Gaming with anxiety: how I overcame the Leviathan Raid

Arriving at the Embarkment


By the time my fireteam and I had completed Destiny 2’s Leviathan Raid 16 hours after it launched, according to achievement data, only 0.06% of Xbox One players had successfully done so.

We knew going in that we wouldn’t be the very first fireteam to complete the raid, we went in blind, with no tips or guides, to feel that extra sense of satisfaction knowing we did so through our own means. This meant a lot of experimentationand a lot of failed attempts.

We’d spend nearly two hours solving puzzles, and anywhere from an additional two to five hours perfectly executing our strategy and moving on to the next area. Every guardian in our fireteam grinded through the original Destiny, and agreed the Leviathan Raid was an awfully difficult raid. For many of us, this was also the first raid we went into blind.

After the glorious loot drop of several tokens following the final boss’s defeat, we took a moment to check in with one anotherthe first check-in of the 16-hour endeavor:

“I can’t believe we did that!”

“I feel both proud and disgusted. I’m not sure which one more.”

“My legs are numb and I’ve only eaten six pretzels all day.”

Looking back, it absolutely baffles me that we didn’t check in once with the team during the entire raid. Sure, we took restroom breaks and shared our raid gear, but I can’t recall a single moment during our time together when we’d stepped back and asked how everyone was feeling.

As a relatively new gamer (the only one on our team), and definitely one that had never played from noon to 5 a.m. in one sitting, the countless “rinses and repeats” negatively affected me. Anxiety is something I’ve been battling since childhood. It makes me excruciatingly self-aware in the most negative ways, especially in gaming.

Preparing to fight

What draws me to video games is the healthy dose of competition among peers. Leveling up your characters, showing off your progress, bragging to your friends when you beat them in PVPit’s all in good fun.

It’s when the negative voices enter your mind and put you down that the fun turns into exhaustion.

I had the lowest Power level in our team, but was still above the recommended raid level. Even before starting, I was incredibly self-conscious and thought I would bring the team down. I started believing this was true after we kept wiping over and over again. My beliefs felt solidified when another party member asked why I was doing such little damage to Emperor Calus, the final raid boss.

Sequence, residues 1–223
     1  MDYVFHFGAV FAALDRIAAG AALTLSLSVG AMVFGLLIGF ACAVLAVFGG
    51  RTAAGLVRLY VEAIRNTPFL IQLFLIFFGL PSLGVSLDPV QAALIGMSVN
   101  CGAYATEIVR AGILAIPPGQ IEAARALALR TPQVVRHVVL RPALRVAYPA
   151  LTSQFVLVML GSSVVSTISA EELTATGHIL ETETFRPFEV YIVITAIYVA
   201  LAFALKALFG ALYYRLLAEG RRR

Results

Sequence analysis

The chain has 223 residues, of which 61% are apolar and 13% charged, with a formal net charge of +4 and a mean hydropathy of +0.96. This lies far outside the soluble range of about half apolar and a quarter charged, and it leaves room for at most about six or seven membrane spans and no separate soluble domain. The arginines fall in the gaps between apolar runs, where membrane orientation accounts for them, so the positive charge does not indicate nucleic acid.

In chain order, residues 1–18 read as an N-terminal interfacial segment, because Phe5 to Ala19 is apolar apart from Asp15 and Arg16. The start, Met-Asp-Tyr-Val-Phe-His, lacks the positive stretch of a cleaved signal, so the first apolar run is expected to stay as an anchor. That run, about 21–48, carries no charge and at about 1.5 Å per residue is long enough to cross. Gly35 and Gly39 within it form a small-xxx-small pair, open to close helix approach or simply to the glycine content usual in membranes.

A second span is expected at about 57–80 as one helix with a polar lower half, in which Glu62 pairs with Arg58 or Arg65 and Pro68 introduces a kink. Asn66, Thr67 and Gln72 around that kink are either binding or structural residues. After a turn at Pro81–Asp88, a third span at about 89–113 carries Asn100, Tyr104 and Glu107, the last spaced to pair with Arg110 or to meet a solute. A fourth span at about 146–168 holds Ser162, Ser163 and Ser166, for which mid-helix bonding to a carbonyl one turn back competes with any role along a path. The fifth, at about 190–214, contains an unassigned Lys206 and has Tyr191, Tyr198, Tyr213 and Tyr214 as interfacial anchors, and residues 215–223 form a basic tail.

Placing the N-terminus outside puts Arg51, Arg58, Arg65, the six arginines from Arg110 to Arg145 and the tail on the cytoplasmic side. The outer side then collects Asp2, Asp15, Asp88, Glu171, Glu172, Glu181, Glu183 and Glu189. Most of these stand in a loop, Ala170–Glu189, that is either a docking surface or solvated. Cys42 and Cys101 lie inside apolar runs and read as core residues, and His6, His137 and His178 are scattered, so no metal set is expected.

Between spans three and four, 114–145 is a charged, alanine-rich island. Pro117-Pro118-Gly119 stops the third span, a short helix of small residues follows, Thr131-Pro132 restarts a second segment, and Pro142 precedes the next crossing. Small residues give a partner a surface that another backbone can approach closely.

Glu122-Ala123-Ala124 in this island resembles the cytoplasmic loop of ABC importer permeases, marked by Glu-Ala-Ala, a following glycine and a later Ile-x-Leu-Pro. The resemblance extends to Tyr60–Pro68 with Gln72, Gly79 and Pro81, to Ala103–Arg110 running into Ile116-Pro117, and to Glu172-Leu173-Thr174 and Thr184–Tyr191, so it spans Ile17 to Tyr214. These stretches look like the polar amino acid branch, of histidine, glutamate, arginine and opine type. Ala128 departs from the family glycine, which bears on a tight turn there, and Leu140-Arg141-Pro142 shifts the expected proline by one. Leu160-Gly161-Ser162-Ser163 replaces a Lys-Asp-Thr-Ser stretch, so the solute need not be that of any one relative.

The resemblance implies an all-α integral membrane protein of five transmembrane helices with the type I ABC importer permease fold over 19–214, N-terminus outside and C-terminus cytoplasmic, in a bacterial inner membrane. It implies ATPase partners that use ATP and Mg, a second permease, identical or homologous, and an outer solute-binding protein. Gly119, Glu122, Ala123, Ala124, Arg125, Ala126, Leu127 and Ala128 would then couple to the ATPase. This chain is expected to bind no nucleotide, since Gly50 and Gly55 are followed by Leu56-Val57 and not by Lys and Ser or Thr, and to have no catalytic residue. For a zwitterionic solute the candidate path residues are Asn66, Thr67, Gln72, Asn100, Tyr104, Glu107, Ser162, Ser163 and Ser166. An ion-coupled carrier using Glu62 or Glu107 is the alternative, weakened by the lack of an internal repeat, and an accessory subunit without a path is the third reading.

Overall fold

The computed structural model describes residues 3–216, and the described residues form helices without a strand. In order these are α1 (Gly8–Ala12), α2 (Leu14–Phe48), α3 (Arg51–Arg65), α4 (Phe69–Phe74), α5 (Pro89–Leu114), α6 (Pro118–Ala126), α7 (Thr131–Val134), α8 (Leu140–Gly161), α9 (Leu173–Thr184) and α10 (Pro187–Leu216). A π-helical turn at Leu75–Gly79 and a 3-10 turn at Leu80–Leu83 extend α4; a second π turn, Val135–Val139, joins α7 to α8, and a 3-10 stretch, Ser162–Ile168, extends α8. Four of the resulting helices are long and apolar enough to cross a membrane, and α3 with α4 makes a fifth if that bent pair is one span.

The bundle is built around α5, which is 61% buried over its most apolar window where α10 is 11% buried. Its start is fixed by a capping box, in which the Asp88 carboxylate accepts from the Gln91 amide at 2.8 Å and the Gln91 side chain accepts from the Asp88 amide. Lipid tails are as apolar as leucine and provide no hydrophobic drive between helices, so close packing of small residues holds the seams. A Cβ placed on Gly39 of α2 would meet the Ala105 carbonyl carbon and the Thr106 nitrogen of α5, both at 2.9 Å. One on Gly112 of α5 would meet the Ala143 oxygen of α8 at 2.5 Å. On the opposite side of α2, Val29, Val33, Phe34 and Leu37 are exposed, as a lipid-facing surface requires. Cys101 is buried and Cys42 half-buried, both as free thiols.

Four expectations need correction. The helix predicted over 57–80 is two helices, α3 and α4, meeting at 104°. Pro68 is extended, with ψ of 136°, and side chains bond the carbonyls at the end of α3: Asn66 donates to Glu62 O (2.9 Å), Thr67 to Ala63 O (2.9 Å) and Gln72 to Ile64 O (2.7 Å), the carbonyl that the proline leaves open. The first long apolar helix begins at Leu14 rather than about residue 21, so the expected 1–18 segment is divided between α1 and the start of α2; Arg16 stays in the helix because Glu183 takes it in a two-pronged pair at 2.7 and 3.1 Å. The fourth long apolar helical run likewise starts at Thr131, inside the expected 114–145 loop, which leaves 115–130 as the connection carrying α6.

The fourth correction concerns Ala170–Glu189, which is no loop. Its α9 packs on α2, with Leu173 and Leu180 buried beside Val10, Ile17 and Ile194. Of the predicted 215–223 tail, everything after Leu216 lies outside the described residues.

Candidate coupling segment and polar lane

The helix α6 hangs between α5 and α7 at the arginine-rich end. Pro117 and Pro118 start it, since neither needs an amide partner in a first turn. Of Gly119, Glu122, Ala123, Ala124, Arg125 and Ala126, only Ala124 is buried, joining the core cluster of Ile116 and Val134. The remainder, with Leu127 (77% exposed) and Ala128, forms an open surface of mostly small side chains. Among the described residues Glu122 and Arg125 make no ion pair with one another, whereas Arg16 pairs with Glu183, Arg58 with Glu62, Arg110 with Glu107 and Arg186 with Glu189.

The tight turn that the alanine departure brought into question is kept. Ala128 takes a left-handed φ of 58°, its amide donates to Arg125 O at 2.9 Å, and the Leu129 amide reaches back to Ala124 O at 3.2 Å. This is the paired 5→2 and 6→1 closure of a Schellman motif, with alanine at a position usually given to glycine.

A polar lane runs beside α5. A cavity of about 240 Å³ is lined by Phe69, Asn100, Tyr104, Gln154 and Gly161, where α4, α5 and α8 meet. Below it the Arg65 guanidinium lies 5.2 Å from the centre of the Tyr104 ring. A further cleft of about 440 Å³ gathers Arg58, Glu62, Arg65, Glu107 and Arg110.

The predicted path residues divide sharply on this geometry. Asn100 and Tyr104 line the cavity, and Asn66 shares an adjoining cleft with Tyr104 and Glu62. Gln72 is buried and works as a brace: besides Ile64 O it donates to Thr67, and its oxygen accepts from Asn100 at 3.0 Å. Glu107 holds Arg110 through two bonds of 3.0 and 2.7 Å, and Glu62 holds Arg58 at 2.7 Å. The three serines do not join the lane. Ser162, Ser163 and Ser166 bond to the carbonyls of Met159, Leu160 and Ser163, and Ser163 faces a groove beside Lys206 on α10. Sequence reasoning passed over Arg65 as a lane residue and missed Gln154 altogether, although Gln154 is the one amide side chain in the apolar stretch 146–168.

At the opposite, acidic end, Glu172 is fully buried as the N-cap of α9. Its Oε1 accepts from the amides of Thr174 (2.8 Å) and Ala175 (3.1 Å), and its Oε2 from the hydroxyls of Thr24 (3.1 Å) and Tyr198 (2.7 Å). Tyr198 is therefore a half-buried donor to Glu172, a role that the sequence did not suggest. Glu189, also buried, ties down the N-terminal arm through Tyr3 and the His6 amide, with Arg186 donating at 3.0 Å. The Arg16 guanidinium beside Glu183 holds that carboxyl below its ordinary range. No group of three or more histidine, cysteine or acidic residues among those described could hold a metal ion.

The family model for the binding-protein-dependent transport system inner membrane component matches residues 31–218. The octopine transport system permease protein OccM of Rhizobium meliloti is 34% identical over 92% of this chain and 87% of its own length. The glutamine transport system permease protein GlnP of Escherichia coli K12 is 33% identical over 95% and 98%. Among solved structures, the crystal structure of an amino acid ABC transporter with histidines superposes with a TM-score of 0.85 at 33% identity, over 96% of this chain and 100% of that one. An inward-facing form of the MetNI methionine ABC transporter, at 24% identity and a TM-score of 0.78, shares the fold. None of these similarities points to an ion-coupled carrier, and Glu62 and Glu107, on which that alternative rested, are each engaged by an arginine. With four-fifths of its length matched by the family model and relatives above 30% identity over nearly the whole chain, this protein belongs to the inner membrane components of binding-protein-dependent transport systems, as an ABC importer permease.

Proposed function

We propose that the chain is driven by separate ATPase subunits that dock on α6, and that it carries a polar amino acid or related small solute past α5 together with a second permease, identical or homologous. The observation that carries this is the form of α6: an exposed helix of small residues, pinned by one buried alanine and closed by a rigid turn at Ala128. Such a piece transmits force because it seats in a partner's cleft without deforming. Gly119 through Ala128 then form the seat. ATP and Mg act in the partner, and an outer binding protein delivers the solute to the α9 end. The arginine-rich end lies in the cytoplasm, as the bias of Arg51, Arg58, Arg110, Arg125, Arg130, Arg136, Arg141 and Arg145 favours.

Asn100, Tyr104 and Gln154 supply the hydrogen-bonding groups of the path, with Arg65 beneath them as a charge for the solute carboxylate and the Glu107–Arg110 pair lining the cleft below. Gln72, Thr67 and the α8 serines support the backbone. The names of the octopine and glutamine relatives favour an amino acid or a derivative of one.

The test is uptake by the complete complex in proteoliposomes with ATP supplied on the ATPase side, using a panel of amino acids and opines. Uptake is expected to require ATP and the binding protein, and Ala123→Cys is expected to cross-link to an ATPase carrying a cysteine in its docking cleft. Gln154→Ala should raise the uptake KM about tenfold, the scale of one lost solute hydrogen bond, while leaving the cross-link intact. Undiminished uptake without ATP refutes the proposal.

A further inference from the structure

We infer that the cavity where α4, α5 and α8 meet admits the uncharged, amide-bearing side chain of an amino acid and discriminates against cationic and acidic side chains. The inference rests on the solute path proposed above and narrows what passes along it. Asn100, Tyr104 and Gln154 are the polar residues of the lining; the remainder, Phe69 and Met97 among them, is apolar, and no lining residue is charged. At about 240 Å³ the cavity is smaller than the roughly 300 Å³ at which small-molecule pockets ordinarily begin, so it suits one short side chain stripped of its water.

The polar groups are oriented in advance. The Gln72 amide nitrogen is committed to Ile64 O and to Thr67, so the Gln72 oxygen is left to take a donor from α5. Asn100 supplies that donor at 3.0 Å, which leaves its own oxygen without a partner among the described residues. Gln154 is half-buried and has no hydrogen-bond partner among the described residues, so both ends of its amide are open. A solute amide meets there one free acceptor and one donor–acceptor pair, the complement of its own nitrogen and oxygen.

I blamed myself. I blamed my low Power level. I blamed taking time away from the game the previous week; playing so fast and so often had mentally drained me. I blamed not being dedicated enough, strong enough, good enough.

I still believe the raid would’ve been much easier if I had been a higher level. But the anxiety and self-loathing became so extreme I’d mute myself in the party as my voice cracked and a lump formed in my throat while drowning in my unhealthy thoughts of inadequacy. Sometimes, word vomit would regrettably come out and occasionally I’d uncontrollably spit venom at myself to my fireteam: putting myself down and being short with my team.

It took a while for it to sink in that there were many reasons why we had to keep restarting areas. We went in blind, we didn’t have the most efficient gear, we had Internet connectivity issues, among others. It couldn’t possibly have been one person’s doing.

I swear I had CALUS-es on my hands by the time we finished

My fireteam’s unconditional reassurance and focus got me through the raid. Their support silenced my negative voices. Because of their positivity, I was able to overcome my anxiety enough to gear up and contribute to our success in being part of the 0.06% who completed the raid at the time.

Destiny 2 is just a game. A game with stats, yes, but also a game with immersive storytelling, lovable characters, and opportunities to experience all of this, again and for the first time, with friends and strangers alike. Games shouldn’t be fuel for us to ignite fires and drag ourselves into the flames. It’s also never a bad idea to check in with everyone and make sure they’re okay.

If you’re not in a fireteam, and you don’t think you can persevere, it’s always okay to take a break and take care of yourself first. Drink some water, step out into the sunlight, recharge a little. The game will always be there for you to pick up later if you so choose. It can be harmful to set arbitrary deadlines and race to be the first to get something done; everyone’s different, and putting too much pressure on someone (yourself included) too fast can just make the game unenjoyable.

Alternatively: just think of the puppies.

Do it for the puppies.

Just look at that sweet face...

Just look at that sweet face…

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